# Project Euler Problem 10 in F#

This problem is very similar to several of the other prime generation problems, but being the dedicated blogger that I am here is problem 10:

The sum of the primes below 10 is 2 + 3 + 5 + 7 = 17.

Find the sum of all the primes below two million.

1. Generate primes using Sieve of Eratosthenes.
2. Stop before reaching 2 million.
3. Find the sum of this set of primes.

type public PrimesGenerator() =

member this.getPrimesMax max =

let primes = new BitArray(max+1, true)

let result = new ResizeArray(max/10)

for n = 2 to max do

if primes.[n] then

let start = (int64 n * int64 n)

if start < int64 max then

let i = ref (int start)

while !i <= max do primes.[!i] <- false; i := !i + n

result

member this.Problem9() =

let primesGen = new PrimesGenerator()

primesGen.getPrimesMax 2000000 |> Seq.map (fun prime -> (int64)prime) |> Seq.sum

# Project Euler Problem 9 in F#

In the continuing series of solving Project Euler problems with F#, here is problem 9 with my solution:

A Pythagorean triplet is a set of three natural numbers, a b c, for which,

a2 + b2 = c2
For example, 32 + 42 = 9 + 16 = 25 = 52.

There exists exactly one Pythagorean triplet for which a + b + c = 1000.
Find the product abc.

1. Enumerate from 1 to 1000.  Create tuples of all sets (m, n) where m > n.
2. Create Pythagorean triplets using Euclid’s formula from the tuples.
3. Find the set where a + b + c = 1000.
4. Find the product of this set.
```let problem9 =
let pythagorean_triplets(m:int, n:int) =
let a = m*m-n*n
let b = 2*m*n
let c = m*m+n*n
[a;b;c]
let tops = 1000
[for m in [1..tops] do
for n in [1..m-1] do yield (m, n)] |> Seq.map (fun t -> pythagorean_triplets((fst t, snd t)))
|> Seq.filter (fun x -> x |> Seq.sum = tops) |> Seq.head |> Seq.fold (fun acc elem -> acc * elem) 1
```

# Project Euler Problem 7 in F#

In the continuing series of solving Project Euler problems with F#, here is problem 7:

By listing the first six prime numbers: 2, 3, 5, 7, 11, and 13, we can see that the 6th prime is 13. What is the 10,001st prime number?

1. Generate primes using Sieve of Eratosthenes.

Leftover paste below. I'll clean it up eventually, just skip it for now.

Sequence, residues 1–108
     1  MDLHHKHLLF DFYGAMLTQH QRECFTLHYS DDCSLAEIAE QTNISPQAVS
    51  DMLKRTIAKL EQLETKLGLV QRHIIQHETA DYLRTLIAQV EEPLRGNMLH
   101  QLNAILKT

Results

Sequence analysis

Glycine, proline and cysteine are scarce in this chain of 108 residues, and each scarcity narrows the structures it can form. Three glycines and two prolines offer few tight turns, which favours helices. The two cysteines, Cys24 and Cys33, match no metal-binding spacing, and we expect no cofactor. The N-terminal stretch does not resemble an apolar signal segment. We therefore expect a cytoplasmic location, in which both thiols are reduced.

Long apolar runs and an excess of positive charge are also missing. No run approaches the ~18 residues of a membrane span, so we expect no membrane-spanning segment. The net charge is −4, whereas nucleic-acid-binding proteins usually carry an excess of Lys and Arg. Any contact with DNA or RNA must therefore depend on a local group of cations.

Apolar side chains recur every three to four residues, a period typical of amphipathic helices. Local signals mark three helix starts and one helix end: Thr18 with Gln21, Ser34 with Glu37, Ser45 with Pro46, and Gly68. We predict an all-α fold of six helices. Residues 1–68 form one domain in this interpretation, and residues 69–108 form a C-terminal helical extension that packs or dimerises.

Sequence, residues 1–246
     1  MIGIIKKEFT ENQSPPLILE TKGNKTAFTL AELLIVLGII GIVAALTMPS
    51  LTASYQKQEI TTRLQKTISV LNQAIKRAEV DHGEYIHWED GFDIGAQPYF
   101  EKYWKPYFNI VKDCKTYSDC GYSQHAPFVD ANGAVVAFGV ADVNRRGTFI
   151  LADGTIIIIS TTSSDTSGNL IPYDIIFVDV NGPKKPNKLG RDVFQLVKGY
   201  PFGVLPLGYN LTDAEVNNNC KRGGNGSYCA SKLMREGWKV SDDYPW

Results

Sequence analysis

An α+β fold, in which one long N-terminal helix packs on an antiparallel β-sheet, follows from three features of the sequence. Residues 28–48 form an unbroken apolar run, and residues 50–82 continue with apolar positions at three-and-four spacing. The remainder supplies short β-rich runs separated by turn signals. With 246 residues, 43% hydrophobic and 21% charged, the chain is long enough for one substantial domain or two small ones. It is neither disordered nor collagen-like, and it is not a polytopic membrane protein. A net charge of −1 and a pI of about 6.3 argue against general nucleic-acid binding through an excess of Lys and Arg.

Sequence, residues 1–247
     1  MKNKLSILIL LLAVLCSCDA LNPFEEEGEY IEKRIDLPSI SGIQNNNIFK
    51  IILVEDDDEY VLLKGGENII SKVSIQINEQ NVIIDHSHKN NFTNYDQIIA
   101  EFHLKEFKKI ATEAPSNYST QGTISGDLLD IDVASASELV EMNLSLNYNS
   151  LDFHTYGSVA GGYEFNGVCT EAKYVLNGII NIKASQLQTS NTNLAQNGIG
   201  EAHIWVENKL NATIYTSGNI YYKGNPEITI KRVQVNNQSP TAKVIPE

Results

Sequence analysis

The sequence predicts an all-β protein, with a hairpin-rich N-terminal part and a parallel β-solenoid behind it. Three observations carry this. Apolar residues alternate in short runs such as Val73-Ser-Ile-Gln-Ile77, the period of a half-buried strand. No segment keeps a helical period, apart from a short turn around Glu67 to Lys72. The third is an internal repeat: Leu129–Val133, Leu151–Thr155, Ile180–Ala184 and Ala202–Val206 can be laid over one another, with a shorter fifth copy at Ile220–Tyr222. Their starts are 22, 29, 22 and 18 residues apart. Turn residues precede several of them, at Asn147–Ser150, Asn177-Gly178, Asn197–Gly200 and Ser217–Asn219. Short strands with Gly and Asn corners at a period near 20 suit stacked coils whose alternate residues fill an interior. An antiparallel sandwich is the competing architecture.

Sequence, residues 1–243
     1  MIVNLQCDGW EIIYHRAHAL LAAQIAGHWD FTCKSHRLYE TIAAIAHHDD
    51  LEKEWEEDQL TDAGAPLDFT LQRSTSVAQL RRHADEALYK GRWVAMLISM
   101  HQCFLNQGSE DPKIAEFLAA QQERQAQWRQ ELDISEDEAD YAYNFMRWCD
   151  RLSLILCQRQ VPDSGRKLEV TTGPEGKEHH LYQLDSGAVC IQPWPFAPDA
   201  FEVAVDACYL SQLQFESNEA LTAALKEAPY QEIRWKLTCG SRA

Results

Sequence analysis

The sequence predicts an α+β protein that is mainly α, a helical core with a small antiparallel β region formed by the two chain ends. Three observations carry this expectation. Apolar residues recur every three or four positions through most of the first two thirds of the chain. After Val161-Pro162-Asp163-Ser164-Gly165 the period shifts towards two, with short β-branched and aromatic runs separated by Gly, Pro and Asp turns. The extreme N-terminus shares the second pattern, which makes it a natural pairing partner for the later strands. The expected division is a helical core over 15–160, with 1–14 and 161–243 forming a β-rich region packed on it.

2. Skip the first ten thousand primes and take the next one.

type public PrimesGenerator() =

member this.PrimesInfinite () =

let rec nextPrime n p primes =

if primes |> Map.containsKey n then

nextPrime (n + p) p primes

else

let rec prime n primes =

seq {

if primes |> Map.containsKey n then

let p = primes.Item n

yield! prime (n + 1) (nextPrime (n + p) p (primes.Remove n))

else

yield n

yield! prime (n + 1) (primes.Add(n * n, n))

}

prime 2 Map.empty

member this.Problem7() =

let primes = new PrimesGenerator()

primes.PrimesInfinite() |> Seq.skip 10000 |> Seq.take 1 |> Seq.head

# Project Euler Problem 8 in F#

In the continuing series of solving Project Euler problems with F#, here is problem 8 and my solution:

Find the greatest product of five consecutive digits in the 1000-digit number.

73167176531330624919225119674426574742355349194934
96983520312774506326239578318016984801869478851843
85861560789112949495459501737958331952853208805511
12540698747158523863050715693290963295227443043557
66896648950445244523161731856403098711121722383113
62229893423380308135336276614282806444486645238749
30358907296290491560440772390713810515859307960866
70172427121883998797908792274921901699720888093776
65727333001053367881220235421809751254540594752243
52584907711670556013604839586446706324415722155397
53697817977846174064955149290862569321978468622482
83972241375657056057490261407972968652414535100474
82166370484403199890008895243450658541227588666881